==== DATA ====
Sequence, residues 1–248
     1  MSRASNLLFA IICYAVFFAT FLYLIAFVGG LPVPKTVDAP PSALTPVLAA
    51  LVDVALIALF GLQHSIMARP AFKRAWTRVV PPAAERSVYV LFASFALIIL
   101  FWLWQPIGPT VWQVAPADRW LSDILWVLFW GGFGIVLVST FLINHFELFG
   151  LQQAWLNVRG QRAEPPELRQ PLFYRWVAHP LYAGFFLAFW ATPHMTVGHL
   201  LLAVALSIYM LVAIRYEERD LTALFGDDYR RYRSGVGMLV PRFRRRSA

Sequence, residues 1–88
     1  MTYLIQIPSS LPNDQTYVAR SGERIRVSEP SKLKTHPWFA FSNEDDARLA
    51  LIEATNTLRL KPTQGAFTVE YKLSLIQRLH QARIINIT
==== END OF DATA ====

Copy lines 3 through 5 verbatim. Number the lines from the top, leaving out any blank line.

    51  LVDVALIALF GLQHSIMARP AFKRAWTRVV PPAAERSVYV LFASFALIIL
   101  FWLWQPIGPT VWQVAPADRW LSDILWVLFW GGFGIVLVST FLINHFELFG
   151  LQQAWLNVRG QRAEPPELRQ PLFYRWVAHP LYAGFFLAFW ATPHMTVGHL